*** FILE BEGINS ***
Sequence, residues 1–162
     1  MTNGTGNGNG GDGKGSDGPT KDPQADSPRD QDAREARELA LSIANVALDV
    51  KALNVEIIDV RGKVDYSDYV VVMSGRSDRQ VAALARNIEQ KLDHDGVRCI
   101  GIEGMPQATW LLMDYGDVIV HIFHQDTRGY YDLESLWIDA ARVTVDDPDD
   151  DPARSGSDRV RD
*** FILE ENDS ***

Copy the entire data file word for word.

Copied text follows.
Sequence, residues 1–162
     1  MTNGTGNGNG GDGKGSDGPT KDPQADSPRD QDAREARELA LSIANVALDV
    51  KALNVEIIDV RGKVDYSDYV VVMSGRSDRQ VAALARNIEQ KLDHDGVRCI
   101  GIEGMPQATW LLMDYGDVIV HIFHQDTRGY YDLESLWIDA ARVTVDDPDD
   151  DPARSGSDRV RD